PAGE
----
Albertsons is deploying self-checkout grocery carts in some of its locations to try to make in-person shopping easier as consumers head back to brick-and-mortar stores.
The carts are made by Veeve, a Seattle-based start-up founded by two former senior Amazon managers in 2018. Veeve is one of several companies developing smart grocery carts, which often use cameras and sensors to tally items as shoppers pick them off the shelves and place them in the cart, allowing shoppers to skip the checkout line.
Amazon launched its own product, called Dash Carts, in 2020, while grocery delivery platform Instacart acquired smart cart maker Caper AI late last year. Other grocers, including Kroger, have been testing the technology at a handful of stores.
They’re responding to consumer demand, as in-store shopping rebounds from the coronavirus pandemic. A report from Mastercard SpendingPulse found in-store sales rose 10% in April from a year earlier, while e-commerce transactions dropped 1.8%. Smart carts offer a hybrid approach, allowing shoppers to speed up the process, with the help of their phones.
In November, Albertsons began testing Veeve carts at two of its stores in Idaho and California. The company is now expanding its partnership and adding the carts to more locations, with the goal of having them in dozens of stores. Albertsons had 2,278 food and drug stores in the U.S. as of last December.
“Customer feedback and preferences will be essential in determining future investments, including the expansion of smart carts and other tech-driven offerings,” said Chris Rupp, Albertsons’ chief customer and digital officer, in a statement.
The challenge for Veeve and its rivals is proving to retailers that the carts, which can reportedly cost between $5,000 and $10,000 each, are a worthwhile investment. They also have to convince shoppers to use them, an issue Amazon has struggled with after adding its Dash Carts to some Fresh supermarkets, Business Insider reported.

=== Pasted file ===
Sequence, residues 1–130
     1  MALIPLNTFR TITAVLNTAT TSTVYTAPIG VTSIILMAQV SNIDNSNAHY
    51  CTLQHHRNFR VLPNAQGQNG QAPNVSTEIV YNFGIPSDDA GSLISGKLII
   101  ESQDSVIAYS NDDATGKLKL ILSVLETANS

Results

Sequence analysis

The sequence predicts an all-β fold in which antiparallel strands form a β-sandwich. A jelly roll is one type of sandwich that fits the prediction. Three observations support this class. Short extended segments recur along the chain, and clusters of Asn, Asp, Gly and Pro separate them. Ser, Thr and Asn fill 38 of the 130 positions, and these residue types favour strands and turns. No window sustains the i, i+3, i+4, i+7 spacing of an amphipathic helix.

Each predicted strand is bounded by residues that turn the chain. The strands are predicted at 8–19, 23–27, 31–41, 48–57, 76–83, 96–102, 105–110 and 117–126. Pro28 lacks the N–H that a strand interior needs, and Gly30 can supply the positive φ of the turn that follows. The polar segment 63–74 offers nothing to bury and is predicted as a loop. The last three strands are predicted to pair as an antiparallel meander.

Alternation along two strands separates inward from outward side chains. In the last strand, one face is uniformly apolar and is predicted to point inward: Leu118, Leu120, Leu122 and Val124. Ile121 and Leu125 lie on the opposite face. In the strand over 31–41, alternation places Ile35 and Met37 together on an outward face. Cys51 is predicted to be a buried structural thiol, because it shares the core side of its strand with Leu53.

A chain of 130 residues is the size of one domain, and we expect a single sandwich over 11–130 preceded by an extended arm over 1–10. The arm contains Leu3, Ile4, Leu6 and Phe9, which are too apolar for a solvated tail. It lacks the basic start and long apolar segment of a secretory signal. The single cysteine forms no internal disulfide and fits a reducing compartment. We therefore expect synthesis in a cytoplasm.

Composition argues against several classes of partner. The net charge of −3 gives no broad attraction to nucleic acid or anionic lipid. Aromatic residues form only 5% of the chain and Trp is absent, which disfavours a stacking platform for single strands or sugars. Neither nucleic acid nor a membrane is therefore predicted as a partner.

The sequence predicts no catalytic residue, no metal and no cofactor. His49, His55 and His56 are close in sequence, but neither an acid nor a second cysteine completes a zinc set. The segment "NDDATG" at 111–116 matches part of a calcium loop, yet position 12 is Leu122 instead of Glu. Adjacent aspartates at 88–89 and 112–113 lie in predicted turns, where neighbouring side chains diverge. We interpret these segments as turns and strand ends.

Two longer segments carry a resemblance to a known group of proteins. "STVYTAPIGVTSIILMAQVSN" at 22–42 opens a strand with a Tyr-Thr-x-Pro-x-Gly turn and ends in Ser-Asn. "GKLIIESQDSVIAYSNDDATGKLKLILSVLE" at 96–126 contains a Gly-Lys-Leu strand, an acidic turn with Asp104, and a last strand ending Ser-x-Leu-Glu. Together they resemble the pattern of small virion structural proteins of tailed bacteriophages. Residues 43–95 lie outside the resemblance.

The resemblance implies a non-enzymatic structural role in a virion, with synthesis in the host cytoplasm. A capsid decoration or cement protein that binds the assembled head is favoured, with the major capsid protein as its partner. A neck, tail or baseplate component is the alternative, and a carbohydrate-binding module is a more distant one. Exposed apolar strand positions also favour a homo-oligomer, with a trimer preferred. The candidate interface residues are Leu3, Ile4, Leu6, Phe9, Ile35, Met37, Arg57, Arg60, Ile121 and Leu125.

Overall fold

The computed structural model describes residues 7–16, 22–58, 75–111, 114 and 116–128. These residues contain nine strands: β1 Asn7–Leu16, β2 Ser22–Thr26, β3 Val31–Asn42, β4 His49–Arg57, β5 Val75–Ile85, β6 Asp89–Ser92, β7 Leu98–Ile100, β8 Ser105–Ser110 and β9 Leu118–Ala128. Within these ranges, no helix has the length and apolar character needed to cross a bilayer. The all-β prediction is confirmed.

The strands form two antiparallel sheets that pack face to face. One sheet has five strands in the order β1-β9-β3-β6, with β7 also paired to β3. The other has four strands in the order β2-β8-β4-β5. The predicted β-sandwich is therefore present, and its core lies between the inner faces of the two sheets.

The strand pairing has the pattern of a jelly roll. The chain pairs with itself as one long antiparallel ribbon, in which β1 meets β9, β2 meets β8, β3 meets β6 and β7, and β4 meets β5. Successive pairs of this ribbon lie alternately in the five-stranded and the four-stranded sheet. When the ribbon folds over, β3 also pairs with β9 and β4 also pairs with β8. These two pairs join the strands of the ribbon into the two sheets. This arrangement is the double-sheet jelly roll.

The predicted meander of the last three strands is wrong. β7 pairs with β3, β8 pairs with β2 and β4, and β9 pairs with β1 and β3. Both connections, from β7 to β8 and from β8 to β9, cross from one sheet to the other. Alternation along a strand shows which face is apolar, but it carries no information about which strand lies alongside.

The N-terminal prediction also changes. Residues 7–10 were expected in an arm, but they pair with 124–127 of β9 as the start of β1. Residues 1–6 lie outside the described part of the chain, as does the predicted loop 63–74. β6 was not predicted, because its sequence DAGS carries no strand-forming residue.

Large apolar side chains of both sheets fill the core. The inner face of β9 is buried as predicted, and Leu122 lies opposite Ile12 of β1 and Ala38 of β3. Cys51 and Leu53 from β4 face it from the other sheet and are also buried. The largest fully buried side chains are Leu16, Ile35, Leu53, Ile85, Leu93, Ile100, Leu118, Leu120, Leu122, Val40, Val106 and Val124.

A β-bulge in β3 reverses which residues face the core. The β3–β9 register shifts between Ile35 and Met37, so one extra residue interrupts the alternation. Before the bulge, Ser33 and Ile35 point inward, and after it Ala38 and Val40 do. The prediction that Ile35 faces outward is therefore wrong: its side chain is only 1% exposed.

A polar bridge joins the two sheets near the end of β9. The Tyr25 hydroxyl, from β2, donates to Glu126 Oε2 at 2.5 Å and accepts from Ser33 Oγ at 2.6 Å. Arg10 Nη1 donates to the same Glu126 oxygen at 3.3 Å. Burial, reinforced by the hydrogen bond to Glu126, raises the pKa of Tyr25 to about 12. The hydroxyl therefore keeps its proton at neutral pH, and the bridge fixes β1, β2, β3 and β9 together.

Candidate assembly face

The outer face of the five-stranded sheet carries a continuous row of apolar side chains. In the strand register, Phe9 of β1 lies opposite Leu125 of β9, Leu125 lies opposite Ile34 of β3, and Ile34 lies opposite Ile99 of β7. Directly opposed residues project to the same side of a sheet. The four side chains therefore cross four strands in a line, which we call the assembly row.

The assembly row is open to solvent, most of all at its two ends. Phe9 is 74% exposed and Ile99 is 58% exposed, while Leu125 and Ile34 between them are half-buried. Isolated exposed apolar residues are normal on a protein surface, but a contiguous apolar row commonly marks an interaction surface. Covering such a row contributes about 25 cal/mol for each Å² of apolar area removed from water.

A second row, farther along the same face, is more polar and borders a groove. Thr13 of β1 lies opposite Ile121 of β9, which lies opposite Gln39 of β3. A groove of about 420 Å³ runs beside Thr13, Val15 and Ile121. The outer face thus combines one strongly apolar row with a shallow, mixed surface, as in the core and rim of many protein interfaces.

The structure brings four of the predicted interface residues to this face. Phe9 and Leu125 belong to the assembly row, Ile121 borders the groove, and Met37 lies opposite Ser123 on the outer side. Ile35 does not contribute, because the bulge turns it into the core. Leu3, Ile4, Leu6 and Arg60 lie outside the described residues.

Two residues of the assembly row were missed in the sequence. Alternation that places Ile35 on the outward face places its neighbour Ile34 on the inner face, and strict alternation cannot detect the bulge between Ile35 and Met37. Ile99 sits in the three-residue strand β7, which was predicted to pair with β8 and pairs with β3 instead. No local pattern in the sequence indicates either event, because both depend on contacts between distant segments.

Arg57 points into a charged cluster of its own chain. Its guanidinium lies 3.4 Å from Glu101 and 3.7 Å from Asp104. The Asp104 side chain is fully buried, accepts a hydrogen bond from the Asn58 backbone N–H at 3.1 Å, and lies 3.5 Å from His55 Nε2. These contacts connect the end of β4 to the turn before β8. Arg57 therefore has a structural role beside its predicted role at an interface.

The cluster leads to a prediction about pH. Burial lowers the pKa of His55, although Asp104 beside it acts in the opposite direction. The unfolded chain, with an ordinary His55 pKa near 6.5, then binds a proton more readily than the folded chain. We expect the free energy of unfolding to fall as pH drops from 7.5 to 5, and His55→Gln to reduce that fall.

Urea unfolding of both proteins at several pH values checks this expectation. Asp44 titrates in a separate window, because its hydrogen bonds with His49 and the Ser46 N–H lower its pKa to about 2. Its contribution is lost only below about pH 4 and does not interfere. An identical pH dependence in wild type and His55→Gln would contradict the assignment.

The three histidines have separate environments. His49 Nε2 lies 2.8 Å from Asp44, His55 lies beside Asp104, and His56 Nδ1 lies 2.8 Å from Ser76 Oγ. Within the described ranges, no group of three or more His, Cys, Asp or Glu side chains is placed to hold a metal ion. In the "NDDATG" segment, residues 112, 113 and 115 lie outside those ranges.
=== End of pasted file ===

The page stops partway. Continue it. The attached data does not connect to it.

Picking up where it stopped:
Veeve CEO Shariq Siddiqui said in an interview that uptake has been strong. For retailers, Siddiqui said the technology can help them navigate labor shortages by freeing up cashiers to take on other roles.
“Stores are shutting down earlier than ever, just because they’re short-staffed so much,” said Siddiqui, who spent eight years at Amazon, primarily in its Alexa division. “One of the stores we deployed in is fully autonomous. There’s a lot of momentum going in that direction.”
Jobs won’t be impacted by the addition of more Veeve carts in Albertsons stores, Rupp said. “For many shoppers, a great in-store experience rests heavily on interactions and support from our incredible in-store teams,” she added.
The company has also found that basket size, in terms of units purchased and dollar amount, has been significantly higher than for people who use self-checkout. Siddiqui predicts Veeve can increase the basket size to be “bigger, if not more valuable than the cash register,” where the average transaction is roughly $200.
“Usage has been really high, which is what retailers care about,” Siddiqui said. “If customers use it the first time, they will come back.”